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Ottawa Senators for sale, report says Ryan Reynolds interested

Senators Sports Entertainment say process is underway to sell NHL team
The Canadian Tire Centre is seen as the Ottawa Senators participate in a scrimmage during the team’s training camp in Ottawa, on Thursday, Sept. 22, 2022. The board of directors of Senators Sports & Entertainment says a process has been initiated for the sale of the NHL club. THE CANADIAN PRESS/Justin Tang

The Ottawa Senators are on the market.

The board of directors of Senators Sports & Entertainment said Friday that a process has been initiated for the sale of the NHL club.

Galatioto Sports Partners, a firm specializing in the sports finance and advisory business, has been retained as its financial adviser.

The team said in a press release that “a condition of any sale will be that the team remains in Ottawa.”

Senators owner Eugene Melnyk died on March 28 at age 62 after battling an illness. He had previously said he planned to leave the team to his daughters, Anna and Olivia.

Melnyk purchased the Senators in 2003 for US$92 million at a time when the franchise faced bankruptcy and a tenuous future in the nation’s capital.

A recent valuation from Sportico, an organization that reports on the business of sports, listed the Senators at $655 million.

The team’s day-to-day operations have been handled by the board of directors since Melnyk’s death.

Speculation about interested buyers swirled Friday, including a report from People magazine, citing an unnamed source, that said Canadian actor Ryan Reynolds is interested in adding the team to his business portfolio.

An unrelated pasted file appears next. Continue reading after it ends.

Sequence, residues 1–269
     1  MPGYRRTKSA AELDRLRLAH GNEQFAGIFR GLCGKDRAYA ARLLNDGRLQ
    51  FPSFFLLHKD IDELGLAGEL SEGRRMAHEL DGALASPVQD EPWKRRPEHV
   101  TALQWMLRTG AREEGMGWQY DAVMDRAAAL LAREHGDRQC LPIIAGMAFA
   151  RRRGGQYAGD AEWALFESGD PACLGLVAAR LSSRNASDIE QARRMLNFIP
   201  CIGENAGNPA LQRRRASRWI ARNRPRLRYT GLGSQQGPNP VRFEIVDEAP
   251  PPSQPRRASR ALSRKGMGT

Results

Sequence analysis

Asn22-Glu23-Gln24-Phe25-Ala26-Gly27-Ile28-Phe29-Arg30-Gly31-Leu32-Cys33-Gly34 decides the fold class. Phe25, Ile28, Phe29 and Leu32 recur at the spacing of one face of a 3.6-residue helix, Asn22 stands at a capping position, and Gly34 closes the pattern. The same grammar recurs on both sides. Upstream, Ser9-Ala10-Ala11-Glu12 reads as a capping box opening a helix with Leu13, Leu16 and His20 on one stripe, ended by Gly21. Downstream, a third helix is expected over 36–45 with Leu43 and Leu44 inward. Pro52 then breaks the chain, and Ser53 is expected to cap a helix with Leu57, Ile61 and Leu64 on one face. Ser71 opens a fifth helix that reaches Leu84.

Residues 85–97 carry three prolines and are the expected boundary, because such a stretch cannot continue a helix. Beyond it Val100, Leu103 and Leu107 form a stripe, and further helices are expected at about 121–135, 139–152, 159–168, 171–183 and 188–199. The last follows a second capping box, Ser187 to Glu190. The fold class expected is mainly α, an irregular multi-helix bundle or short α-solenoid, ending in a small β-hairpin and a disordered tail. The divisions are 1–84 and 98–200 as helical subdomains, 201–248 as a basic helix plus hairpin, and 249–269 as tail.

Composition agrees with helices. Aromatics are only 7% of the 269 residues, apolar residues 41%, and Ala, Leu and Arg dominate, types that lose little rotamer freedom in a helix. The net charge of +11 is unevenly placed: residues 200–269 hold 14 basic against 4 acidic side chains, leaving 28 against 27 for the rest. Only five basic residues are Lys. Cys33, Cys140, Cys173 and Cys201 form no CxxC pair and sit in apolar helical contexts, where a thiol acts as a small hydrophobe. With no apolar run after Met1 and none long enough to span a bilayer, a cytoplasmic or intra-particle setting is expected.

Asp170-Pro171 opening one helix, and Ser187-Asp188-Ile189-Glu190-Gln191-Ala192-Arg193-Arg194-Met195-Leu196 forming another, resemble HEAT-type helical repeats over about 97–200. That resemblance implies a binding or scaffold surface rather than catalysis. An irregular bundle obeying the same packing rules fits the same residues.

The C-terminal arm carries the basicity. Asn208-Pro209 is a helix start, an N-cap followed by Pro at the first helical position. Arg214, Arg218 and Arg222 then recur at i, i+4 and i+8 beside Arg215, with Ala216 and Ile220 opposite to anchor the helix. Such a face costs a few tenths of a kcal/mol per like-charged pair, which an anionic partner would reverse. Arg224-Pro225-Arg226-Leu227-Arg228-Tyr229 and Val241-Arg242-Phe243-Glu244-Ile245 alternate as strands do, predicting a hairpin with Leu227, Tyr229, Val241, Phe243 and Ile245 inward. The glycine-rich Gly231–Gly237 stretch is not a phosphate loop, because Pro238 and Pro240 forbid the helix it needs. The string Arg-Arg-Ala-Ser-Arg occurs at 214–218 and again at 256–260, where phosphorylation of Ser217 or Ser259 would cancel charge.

A representative for Reynolds did not immediately respond to a request for comment.

The “Deadpool” star and fellow actor Rob McElhenney recently purchased Welsh soccer club Wrexham AFC.

Under Melnyk, the Senators played in the Stanley Cup final in 2007 when Ottawa lost in five games to the Anaheim Ducks.

Ottawa nearly returned to the Cup final a decade later but lost the deciding game of the conference final in double overtime. Since that loss, the Senators have missed the playoffs in five straight seasons.

Melnyk’s relationship with the Senators’ fanbase soured as the years went on.

The owner’s comments before a 2017 outdoor game in Ottawa, indicating he could move the team in the future if attendance didn’t increase, sparked a “#MelnykOut” campaign on city billboards and social media.

Ottawa is off to a 4-6-0 start this season despite boasting a talented young core and making significant off-season moves, including the addition of forwards Claude Giroux and Alex DeBrincat.

A new owner will have to figure out where the Senators will play on a long-term basis.

The team has played at the Canadian Tire Centre in Kanata, about 25 kilometres away from Ottawa’s downtown core, since the arena opened in 1996.

The Senators have once again expressed interest in building an arena at LeBreton Flats, just west of Parliament Hill. The National Capital Commission said in July that a group led by the NHL franchise is the preferred bidder for developing the site.

The team had previously looked at moving to the area, but the plan fell apart with Melnyk and his business partners suing each other.

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